Accessing Mac OS X 10.3 Installer CDs from PearPC…
Buy a Copy of Mac OS X 10.3
Use MacDrive to Access Installer CDs
Use UltraISO to Create Disk Images
Before we can install Mac OS X, we need something onto which we can install it. Normally, this is a Macintosh formatted hard drive. But PearPC does not use a physical hard drive. Just as it uses ISO disc images instead of real CDs, it uses hard disk images. A hard disk image is a file that contains what the emulated Macintosh thinks is a real, physical hard disk. PearPC also requires some other “tweaks” in order to create a working, bootable Mac OS X configuration. (Fortunately, I have done that work for you, which should save you a good 500mb in downloads).
Your download list for this portion of the tutorial looks like this:
The hard disk image file prepared for a Mac OS X installation (about 6mb in size). This file is a self-extracting, compressed archive. Double-click it to extract it. Allow yourself some time and some hard disk space, as this image file decompresses from 6MB to 6GB.
The most recent version of PearPC (currently at version .31) for Windows, or Win32. I highly recommend the JIT version of the software
The Installation Process…
1. Create a folder on your C hard drive and name it PearPC. Unpack all the software that you downloaded above and place everything in this new directory.
2. Copy the OSX3.iso image that we created in the previous tutorial to the PearPC directory. This should leave you with three items in the PearPC directory: the main program directory (i.e., pearpc-0.3.1-win32-jitc) the hard disk image 6gb.img, and the OSX3.iso disc image. Copy the entire contents of the pearpc-0.3.1-win32.jitc to the PearPC directory that we created in step 1. Once you’ve verified that pearpc-0.3.1-win32.jitc is empty, delete it.
3. In the PearPC directory, locate the file named pearpc.example and open it with WordPad.
PearPC is driven by what it finds in this configuration file. Most of the items in this file are fine if left alone. However, we need to tell PearPC where to find both the OSX3.iso and 6gb.img disk images, and in what order to boot.
4. In WordPad, scroll through the text file until you come to the line labeled prom_bootmethod. The default value for this setting is auto. Change this value to select as is shown here:
prom_bootmethod = “select”
5. Continue scrolling through the textfile until you find the line labeled pci_ide0_master_image = “/test/imgs/linux.img”. This line tells PearPC where to find its hard disk image file. Edit this line to read like the following:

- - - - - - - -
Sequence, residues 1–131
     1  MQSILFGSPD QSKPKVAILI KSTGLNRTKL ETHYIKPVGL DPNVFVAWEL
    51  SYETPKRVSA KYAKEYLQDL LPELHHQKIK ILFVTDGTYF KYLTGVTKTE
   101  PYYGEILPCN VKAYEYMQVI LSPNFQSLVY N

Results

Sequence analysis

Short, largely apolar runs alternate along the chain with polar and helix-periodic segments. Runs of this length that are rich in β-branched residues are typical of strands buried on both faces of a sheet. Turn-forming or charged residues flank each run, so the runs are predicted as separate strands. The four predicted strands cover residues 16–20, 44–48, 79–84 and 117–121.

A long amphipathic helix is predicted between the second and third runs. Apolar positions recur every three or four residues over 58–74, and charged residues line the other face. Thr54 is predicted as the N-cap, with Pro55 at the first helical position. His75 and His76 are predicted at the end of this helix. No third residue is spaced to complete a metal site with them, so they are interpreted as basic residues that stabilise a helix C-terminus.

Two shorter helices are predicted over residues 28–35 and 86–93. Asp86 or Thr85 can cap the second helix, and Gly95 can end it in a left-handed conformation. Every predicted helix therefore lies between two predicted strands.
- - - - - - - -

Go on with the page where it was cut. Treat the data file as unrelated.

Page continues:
pci_ide0_master_image = “c:\pearpc\6gb.img”
6. Edit the line that reads pci_ide0_slave_image = “/dev/cdrom” to read like the following:
pci_ide0_slave_image = “c:\pearpc\osx3.iso”
7. Click File and Save As. Give this file a name of OSX.pearpc.
8. Open a command prompt by clicking Start->Run and entering the text cmd or command. Type CD c:\pearpc and hit enter. PearPC’s syntax is very simple: pearpc . For our example here, we type the following, and hit enter:
9. PearPC launches (at last!). It presents you with a list of boot options. We wish to boot from the ISO disc image containing the Mac OS X installation material. In this case, we see that this is option 1. Press 1, and hit enter:
The Mac OS X installation boots (and boots very slowly; don’t get too impatient, as the install screen will eventually come up).
10. The Mac OS X 10.3 installation screen appears, asking for you to choose a language in which to install Mac OS X. Select your language of choice and click Continue. A welcome screen appears.Click Continue. Click Continue two more times, and Agree with the license agreement.
11. The installer asks for a location in which to install Mac OS X. Click the disk named PearPC and choose Continue:
12. Since we wish to perform a customized installation of Mac OS X, click the Customize button in the lower left of the installer window. Remove the checks from the items labeled Additional Applications, Printer Drivers, Additional Speech Voices, Fonts, and Language Translations. Click Install.
13. When the installation attempts to run a check on the installation disc, click Skip in the lower right corner of the screen.
You should now acquint yourself with a good book or a nice, long movie. Installation of Mac OS X can take hours. On a 2GHz Pentium 4 system, this basic installation tops out at about three hours.
15. Once the installation process completes, PearPC quits abruptly. This is normal. To finish things up, edit the macosx.pearpc once again, place a “0” after the line PearPC about the existance of a CD-ROM:
pci_ide0_slave_installed = 0
This tells PearPC that our CD-ROM is no longer installed. Now boot PearPC in the same way as in step 8 above, choosing 1 to boot PearPC into Mac OS X. Congratulations – you are now running Mac OS X on a Windows computer! (Note: when the Mac OS X Setup Assistant asks you for information on connecting to the internet, tell it that you are not ready to connect at this time).
Creating ISO CD disc images from Mac OS X installer CDs.
Installing Mac OS X
Configuring Mac OS X networking
PC/Mac File Sharing
Printing From PearPC
Integrating PearPC and Active Directory
Questions? Feel free to contact me at email@example.com.